Fast, precise, and accurate myocardial T1 mapping using a radial MOLLI sequence with FLASH readout
During the last decade, the improvement of hardware systems, along with the development of faster acquisition schemes, have enabled quantitative measurements of myocardium T1 and T2 relaxation times 14 and their use in the monitoring of disease progression or therapy response. Quantitative CMR is even becoming a standard imaging tool in clinical trials 15. Whereas qualitative imaging is routinely used to detect focal and intense lesions through late‐gadolinium enhancement 16, quantitative T1 mapping sequences could reveal diffuse increases of gadolinium (Gd) chelates volumes of distribution, such as in patients suffering from cardiomyopathies 17 and amyloidosis 18. Subtle variations of native T1 relaxation times were also quantified in acute myocardial infarction 19 or Anderson‐Fabry disease 20.
The first clinically acceptable method that was developed to perform myocardial T1 mapping was introduced more than 10 years ago and is called the modified Look‐Locker inversion recovery (MOLLI) sequence 21. This pioneer sequence has been widely applied because of a high degree of reproducibility and precision, but it has also been shown to be slightly dependent on heart‐rate variations 22. Its acquisition scheme was then optimized and the current 533 version appears to be the most popular in overcoming this limitation. Other methods were more recently developed like shMOLLI 23, SASHA 24, or SAPPHIRE 25, resulting in T1 maps with better accuracy but poorer precision than MOLLI on T1 estimates 26. This effect could be attributed for some sequences to a smaller number of data points sampled during the T1 relaxation process, or to the application of a saturation instead of an inversion pulse for T1 weighting. Indeed, all of the aforementioned strategies are based on the acquisition of several images (8 to 11) during a single breath‐hold at different time points after application of a T1‐weighted preparation pulse. The T1 value is computed from these images by adjusting the magnetization recovery with exponential models. Depending on the method, the acquisition time of a single slice varies between 9 and 17 heartbeats. Moreover, it has been reported that long breath‐holds are associated with a linear drift in the foot–head direction in the order of 0.4 mm/s, causing possible misregistration of the different images while computing the T1 maps 27. This limitation, besides the fact that long breath‐holds are generally not well tolerated by patients, led to the development of novel approaches based on free‐breathing acquisitions. Weingartner et al, for instance, introduced a slice‐interleaved sequence called STONE, allowing the quantification of native T1 relaxation times and resulting in a scan time of less than 20 s per slice 28.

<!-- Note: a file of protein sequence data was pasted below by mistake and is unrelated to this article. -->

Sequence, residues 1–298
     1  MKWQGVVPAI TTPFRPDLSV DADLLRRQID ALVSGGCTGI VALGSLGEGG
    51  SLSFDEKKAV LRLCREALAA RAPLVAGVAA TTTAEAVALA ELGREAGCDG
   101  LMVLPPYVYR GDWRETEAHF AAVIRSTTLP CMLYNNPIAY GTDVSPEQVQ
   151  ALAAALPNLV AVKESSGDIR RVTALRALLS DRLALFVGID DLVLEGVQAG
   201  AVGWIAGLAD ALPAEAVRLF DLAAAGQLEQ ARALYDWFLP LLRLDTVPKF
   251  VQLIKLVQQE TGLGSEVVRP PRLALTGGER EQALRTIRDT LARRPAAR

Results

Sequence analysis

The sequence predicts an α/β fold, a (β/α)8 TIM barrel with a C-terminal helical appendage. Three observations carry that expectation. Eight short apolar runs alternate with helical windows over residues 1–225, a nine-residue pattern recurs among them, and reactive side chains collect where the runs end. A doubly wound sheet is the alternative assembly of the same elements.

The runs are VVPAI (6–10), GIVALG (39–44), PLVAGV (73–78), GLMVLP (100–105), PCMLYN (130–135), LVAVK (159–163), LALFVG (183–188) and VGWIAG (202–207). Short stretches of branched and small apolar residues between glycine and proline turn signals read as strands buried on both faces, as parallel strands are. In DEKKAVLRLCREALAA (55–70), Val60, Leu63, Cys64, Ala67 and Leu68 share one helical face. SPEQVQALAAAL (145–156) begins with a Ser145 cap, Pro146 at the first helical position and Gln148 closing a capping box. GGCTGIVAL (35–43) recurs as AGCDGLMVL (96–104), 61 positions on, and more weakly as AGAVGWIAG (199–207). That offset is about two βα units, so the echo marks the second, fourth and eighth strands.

Most of the T1‐mapping sequences rely on single‐shot true fast imaging with steady‐state‐precession (TrueFISP) readouts that allow producing images with higher signal‐to‐noise ratio (SNR) as compared with fast low‐angle shot (FLASH). Nevertheless, TrueFISP is known to be more sensitive than spoiled gradient‐echo readouts to susceptibility, B0 and B1 field inhomogeneities, as well as T2 relaxation variations 29. These parameters are not taken into account when using exponential models to determine T1, and led to biased measures. For example, the MOLLI sequence is known to underestimate high T1 values (with more than 15% underestimation for T1 values higher than 1500 ms).